Template talk:Alternative medicine sidebar

From Wikipedia, the free encyclopedia
Jump to navigation Jump to search
WikiProject Alternative medicine (Rated Template-class)
WikiProject iconThis template is within the scope of WikiProject Alternative medicine, a collaborative effort to improve the coverage of Alternative medicine related articles on Wikipedia. If you would like to participate, please visit the project page, where you can join the discussion and see a list of open tasks.
 Template  This template does not require a rating on the quality scale.

Semi-protected edit request on 12 October 2017[edit]

I don't think humorism should be linked in the "fringe medicine and science" section, for a couple reasons:

  1. Unlike its apparent cousins, mesmerism, anthroposophy, phrenology, and orgone therapy, humorism was the dominant way of thinking in a huge portion of the world for over a thousand years, until it was wholly superseded. It's false, but not fringe. The concept is still a facet of a few alternative medicine systems, and those are absolutely fringe, but they have their own links.
  2. Outside of those systems the concept doesn't really have any presence in the same way that, say, acupuncture does. There are no cranks telling me to balance my bile or dubious academics churning out papers about the dangers of a phlegmatic diet. (talk) 18:10, 12 October 2017 (UTC)
Not done: please establish a consensus for this alteration before using the {{edit semi-protected}} template. Nihlus 19:41, 12 October 2017 (UTC)
I'm perfectly fine with this. Note there's a discussion at FTN about it. The thread is Proposed change to Template: Alternative medicine sidebar. ᛗᛁᛟᛚᚾᛁᚱPants Tell me all about it. 01:49, 29 December 2017 (UTC)

Semi-protected edit request on 17 January 2018[edit]

Hello, it's me again. Same request as before, except this time I have gone through the process and obtained consensus:

Please remove the humorism link under the "fringe medicine and science" category, per this discussion at the FRINGE noticeboard. (talk) 17:17, 17 January 2018 (UTC)

Done Nihlus 17:21, 17 January 2018 (UTC)
Thanks! - (talk) 17:28, 17 January 2018 (UTC)


There is no concensus to remove this from the sidebar, and it is most assuredly both pseudomedicine and quackery. Carl Fredrik talk 08:52, 13 May 2018 (UTC)

Let's keep the discussion at Talk:Chemtrail_conspiracy_theory#Sidebar,_again. Gråbergs Gråa Sång (talk) 09:05, 13 May 2018 (UTC)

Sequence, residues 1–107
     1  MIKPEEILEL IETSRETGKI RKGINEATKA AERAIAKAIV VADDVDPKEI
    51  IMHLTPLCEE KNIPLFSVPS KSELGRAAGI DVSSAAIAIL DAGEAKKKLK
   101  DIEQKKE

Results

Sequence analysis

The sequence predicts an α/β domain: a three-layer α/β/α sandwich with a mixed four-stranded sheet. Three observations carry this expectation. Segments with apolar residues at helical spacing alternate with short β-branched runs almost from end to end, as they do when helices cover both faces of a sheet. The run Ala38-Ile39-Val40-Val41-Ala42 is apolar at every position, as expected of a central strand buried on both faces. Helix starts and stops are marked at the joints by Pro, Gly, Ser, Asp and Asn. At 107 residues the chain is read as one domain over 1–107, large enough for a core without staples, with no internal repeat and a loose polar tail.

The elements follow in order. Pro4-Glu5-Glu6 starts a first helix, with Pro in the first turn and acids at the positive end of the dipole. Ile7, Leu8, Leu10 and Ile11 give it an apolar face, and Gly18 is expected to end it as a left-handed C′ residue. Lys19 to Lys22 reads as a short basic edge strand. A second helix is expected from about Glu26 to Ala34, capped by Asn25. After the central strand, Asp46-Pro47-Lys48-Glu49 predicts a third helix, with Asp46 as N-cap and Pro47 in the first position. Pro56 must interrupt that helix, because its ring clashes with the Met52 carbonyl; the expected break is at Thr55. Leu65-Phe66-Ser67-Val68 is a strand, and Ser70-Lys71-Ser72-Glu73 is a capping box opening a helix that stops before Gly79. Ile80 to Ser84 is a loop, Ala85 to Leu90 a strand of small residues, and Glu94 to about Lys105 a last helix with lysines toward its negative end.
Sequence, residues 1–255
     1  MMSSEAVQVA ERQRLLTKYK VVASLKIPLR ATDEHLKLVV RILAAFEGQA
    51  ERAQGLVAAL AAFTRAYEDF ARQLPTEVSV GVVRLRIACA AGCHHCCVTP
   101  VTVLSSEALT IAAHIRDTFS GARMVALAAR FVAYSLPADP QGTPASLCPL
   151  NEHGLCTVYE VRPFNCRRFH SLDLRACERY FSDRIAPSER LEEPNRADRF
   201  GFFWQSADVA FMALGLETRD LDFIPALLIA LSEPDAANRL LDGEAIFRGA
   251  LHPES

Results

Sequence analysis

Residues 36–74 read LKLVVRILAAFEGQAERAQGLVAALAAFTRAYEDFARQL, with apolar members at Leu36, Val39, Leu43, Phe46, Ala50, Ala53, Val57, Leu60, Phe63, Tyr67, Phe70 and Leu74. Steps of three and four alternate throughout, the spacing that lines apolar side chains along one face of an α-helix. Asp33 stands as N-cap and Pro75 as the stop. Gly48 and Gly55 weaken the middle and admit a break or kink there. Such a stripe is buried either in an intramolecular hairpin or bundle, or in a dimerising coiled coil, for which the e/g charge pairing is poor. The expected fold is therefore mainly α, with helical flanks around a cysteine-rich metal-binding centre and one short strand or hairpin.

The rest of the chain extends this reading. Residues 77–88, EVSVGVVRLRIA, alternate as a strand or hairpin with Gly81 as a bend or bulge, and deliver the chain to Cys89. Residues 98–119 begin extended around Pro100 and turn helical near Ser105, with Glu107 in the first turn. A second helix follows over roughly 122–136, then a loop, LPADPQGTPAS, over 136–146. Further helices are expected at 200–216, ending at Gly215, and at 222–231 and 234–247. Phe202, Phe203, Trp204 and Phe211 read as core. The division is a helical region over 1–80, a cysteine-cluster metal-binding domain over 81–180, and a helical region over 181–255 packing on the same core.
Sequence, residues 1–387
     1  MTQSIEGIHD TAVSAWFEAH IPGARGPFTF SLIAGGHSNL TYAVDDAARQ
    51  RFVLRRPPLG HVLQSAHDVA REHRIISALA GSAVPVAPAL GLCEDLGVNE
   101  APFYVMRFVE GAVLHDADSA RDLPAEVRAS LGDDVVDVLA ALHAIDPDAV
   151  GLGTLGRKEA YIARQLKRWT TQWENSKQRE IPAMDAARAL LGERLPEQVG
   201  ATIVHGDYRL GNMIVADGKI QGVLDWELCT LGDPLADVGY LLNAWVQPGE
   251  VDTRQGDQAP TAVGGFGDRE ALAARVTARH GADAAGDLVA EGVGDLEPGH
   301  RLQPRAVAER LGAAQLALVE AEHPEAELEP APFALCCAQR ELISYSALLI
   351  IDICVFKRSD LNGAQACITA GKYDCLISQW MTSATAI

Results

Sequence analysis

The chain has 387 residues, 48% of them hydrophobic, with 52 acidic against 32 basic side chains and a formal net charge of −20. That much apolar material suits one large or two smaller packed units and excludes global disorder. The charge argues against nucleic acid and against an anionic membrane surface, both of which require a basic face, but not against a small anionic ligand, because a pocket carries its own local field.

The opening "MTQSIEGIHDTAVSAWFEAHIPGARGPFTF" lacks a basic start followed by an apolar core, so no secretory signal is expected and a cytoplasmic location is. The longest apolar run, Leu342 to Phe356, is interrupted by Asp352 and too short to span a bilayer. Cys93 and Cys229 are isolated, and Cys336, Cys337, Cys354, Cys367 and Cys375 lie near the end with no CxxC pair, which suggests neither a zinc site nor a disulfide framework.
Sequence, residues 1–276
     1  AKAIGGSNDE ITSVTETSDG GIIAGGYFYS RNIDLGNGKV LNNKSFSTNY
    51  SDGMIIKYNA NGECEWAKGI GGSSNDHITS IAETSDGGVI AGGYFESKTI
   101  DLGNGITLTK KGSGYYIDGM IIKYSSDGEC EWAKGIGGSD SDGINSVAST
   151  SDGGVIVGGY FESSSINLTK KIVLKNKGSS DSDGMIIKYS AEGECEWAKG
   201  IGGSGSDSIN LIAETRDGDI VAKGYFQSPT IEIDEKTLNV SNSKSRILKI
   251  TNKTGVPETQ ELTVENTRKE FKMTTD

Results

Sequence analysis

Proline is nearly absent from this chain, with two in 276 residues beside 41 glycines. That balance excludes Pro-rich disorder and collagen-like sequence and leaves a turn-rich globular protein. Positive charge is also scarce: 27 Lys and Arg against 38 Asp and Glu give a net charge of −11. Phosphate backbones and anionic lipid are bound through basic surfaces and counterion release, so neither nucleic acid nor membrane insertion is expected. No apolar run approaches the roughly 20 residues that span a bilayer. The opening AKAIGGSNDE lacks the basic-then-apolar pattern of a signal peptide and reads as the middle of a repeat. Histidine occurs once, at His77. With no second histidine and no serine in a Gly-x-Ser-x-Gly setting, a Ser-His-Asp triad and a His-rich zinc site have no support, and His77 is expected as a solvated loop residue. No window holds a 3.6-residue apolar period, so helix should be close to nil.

Have commented there! -Roxy, the dog. barcus 09:33, 13 May 2018 (UTC)
We're discussing whether the link should be in this sidebar here, that is a different discussion. Carl Fredrik talk 09:50, 13 May 2018 (UTC)
No, it's really not. Gråbergs Gråa Sång (talk) 09:57, 13 May 2018 (UTC)
Carl, In one of your edsums, you state that "this template is not alt-med." If this is correct, can you tell me what it actually is? The title at the top of the box, informing us what the box is about, is "This article is part of a series on Alternative medicine, pseudomedicine and medical conspiracy theories." Should we change it to ... Alternative medicine, pseudomedicine medical conspiracy theories, and Oh yes, we forgot, Chemtrails" -Roxy, the dog. barcus 15:42, 13 May 2018 (UTC)

Health Fraud[edit]

CFCF can you clarify what you mean? I don't see "health fraud" in the article anywhere before your 9:56 13 May edit. --sciencewatcher (talk) 20:00, 9 July 2018 (UTC)

See Quackery, and the edit shortened the title considerably, which is why it was neater. Carl Fredrik talk 20:05, 9 July 2018 (UTC)
If you look at that reference on quackwatch, it says that "the word fraud would be reserved only for situations in which deliberate deception is involved." It's never good to use wikipedia as a reference :) Oh, and I see it was you who added that wording to the Quackery article with no discussion and no edit summary, so I guess I'll fix that too. --sciencewatcher (talk) 20:36, 9 July 2018 (UTC)
Or you could look at the myriad other sources in the article that equate them, not just the very first, per WP:LEDECITE. There are two good books: "More harm than good" by Edzard Ernst, and Consumer Health 9th edition. Carl Fredrik talk 20:52, 9 July 2018 (UTC)